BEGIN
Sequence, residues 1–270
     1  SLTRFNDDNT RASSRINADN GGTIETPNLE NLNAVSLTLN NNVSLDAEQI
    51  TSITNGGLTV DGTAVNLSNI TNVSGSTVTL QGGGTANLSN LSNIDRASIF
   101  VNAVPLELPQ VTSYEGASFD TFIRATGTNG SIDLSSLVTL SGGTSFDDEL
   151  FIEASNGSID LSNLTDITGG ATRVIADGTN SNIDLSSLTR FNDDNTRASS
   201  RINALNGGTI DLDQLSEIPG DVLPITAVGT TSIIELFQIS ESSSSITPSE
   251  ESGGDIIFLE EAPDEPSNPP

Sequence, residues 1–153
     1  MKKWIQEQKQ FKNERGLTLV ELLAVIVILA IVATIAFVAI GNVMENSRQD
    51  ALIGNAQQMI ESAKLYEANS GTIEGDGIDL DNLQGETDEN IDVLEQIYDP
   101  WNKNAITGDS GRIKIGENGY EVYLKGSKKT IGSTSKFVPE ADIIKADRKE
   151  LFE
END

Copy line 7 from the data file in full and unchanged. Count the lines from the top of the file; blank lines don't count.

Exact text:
   251  ESGGDIIFLE EAPDEPSNPP